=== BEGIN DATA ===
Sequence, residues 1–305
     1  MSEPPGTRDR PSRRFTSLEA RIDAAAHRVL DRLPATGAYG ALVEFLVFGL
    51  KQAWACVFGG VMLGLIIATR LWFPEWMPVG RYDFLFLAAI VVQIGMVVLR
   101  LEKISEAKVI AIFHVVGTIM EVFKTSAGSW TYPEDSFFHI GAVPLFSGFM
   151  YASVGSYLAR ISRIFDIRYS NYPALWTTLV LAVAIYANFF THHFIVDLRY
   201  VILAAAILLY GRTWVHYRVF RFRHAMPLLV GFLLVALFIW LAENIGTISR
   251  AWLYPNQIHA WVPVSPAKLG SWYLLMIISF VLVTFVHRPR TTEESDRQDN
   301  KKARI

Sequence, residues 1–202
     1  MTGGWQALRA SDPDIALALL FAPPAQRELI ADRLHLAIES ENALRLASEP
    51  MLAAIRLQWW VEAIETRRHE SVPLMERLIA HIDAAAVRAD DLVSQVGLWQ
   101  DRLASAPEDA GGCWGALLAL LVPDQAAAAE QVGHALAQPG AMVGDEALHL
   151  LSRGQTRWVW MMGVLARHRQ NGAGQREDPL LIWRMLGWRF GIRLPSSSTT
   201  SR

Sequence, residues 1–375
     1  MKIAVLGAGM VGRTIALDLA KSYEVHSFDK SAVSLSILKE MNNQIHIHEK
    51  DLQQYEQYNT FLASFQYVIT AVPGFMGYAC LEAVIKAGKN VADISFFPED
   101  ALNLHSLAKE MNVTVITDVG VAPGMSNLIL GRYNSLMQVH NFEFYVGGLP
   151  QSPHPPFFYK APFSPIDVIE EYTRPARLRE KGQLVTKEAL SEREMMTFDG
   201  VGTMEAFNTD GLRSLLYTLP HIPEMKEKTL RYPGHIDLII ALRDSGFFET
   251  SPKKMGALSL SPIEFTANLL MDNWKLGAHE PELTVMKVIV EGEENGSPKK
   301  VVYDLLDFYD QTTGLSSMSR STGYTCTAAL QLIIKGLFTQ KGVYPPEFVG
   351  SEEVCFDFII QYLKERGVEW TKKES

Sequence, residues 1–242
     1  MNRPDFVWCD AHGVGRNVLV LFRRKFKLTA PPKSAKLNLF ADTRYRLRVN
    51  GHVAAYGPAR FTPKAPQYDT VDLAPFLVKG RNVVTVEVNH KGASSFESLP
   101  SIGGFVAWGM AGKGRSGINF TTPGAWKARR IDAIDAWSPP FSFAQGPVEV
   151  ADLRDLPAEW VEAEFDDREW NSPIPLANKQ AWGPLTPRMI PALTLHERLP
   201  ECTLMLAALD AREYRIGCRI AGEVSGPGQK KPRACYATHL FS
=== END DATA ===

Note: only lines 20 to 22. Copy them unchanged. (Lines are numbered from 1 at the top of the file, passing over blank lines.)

   201  VGTMEAFNTD GLRSLLYTLP HIPEMKEKTL RYPGHIDLII ALRDSGFFET
   251  SPKKMGALSL SPIEFTANLL MDNWKLGAHE PELTVMKVIV EGEENGSPKK
   301  VVYDLLDFYD QTTGLSSMSR STGYTCTAAL QLIIKGLFTQ KGVYPPEFVG